President Joe Biden has used the 10th anniversary of the raid that killed Al-Qaeda chief Osama bin Laden to support his decision to pull troops out of Afghanistan.
In a statement released by the White House on May 2, the president said Al-Qaeda’s presence in Afghanistan has been “greatly degraded” as a result of the 9/11 mastermind’s death and nearly 20 years of war.
“We followed bin Laden to the gates of hell -- and we got him,” Biden said.
“We kept the promise to all those who lost loved ones on 9/11: that we would never forget those we had lost, and that the United States will never waver in our commitment to prevent another attack on our homeland and to keep the American people safe,” the president said.
“Now, as a result of those efforts, as we bring to an end America’s longest war and draw down the last of our troops from Afghanistan, Al-Qaeda is greatly degraded there,” he said.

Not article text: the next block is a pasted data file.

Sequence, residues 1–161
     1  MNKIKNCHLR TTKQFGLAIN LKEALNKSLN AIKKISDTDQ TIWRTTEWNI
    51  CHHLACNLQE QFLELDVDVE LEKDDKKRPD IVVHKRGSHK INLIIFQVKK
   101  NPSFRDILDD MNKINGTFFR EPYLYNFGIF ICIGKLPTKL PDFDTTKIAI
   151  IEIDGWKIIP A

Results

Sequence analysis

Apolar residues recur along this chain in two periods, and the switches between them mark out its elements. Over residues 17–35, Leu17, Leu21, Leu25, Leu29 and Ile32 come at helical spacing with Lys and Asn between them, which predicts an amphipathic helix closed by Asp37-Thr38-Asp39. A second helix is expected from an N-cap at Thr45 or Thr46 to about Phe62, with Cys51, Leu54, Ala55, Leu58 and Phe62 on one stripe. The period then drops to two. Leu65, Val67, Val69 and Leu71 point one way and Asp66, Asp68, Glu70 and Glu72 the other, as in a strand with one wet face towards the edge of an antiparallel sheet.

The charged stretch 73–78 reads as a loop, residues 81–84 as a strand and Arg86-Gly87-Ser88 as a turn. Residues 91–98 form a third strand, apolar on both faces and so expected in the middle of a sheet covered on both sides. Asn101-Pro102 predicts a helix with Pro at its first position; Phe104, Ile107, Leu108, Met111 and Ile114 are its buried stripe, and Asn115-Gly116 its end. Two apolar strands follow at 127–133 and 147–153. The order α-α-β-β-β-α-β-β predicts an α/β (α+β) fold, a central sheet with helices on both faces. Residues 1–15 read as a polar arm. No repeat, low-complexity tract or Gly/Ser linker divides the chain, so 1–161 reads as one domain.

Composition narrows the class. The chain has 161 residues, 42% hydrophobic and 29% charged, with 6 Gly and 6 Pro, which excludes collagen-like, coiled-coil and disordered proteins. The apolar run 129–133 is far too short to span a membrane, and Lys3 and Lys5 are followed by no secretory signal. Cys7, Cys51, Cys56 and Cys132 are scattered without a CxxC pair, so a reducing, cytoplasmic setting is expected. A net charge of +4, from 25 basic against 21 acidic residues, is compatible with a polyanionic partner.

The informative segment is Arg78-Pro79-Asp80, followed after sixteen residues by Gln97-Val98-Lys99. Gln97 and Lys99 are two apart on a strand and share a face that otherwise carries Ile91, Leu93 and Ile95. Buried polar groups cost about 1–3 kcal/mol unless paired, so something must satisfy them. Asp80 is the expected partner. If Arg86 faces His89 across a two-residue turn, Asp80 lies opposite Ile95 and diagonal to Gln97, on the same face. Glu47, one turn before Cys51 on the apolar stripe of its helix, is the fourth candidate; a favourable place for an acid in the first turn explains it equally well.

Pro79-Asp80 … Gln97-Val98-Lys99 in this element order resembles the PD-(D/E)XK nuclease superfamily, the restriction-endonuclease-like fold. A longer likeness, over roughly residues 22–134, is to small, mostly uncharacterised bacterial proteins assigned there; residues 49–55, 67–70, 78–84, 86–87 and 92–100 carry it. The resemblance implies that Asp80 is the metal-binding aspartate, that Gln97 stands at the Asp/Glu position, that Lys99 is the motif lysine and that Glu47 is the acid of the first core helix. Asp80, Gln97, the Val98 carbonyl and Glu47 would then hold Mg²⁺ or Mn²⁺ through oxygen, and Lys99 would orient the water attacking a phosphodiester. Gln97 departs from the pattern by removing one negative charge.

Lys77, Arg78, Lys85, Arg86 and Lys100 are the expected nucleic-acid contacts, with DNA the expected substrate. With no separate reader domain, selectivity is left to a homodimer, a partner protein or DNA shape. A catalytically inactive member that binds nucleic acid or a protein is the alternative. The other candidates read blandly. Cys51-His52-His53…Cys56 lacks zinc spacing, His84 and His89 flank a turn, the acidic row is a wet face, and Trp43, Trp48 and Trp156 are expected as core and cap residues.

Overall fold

Biden, who announced in April that he would end Washington's longest war by September 11, described the scene at the White House the night then-President Barack Obama approved a secret operation targeting the Al-Qaeda leader in Pakistan.
“Ten years ago, I joined President Obama and members of our national-security team, crowded into the Situation Room to watch as our military delivered long-awaited justice to Osama bin Laden. It is a moment I will never forget,” said Biden, who served as vice president under Obama.
The impending U.S. exit from Afghanistan has prompted concern about the ability of Afghan security forces to hold territory against the Taliban in the absence of a peace deal. It has also raised questions about the extent to which the Taliban has severed ties with Al-Qaeda, amid concern the international terrorist group could rebuild and plan new attacks on the United States and other targets.
Biden said the United States would continue to act against terrorist groups that have “metastasized around the world.”
“We will continue to monitor and disrupt any threat to us that emerges from Afghanistan. And we will work to counter terrorist threats to our homeland and our interests in cooperation with allies and partners around the world,” the president said.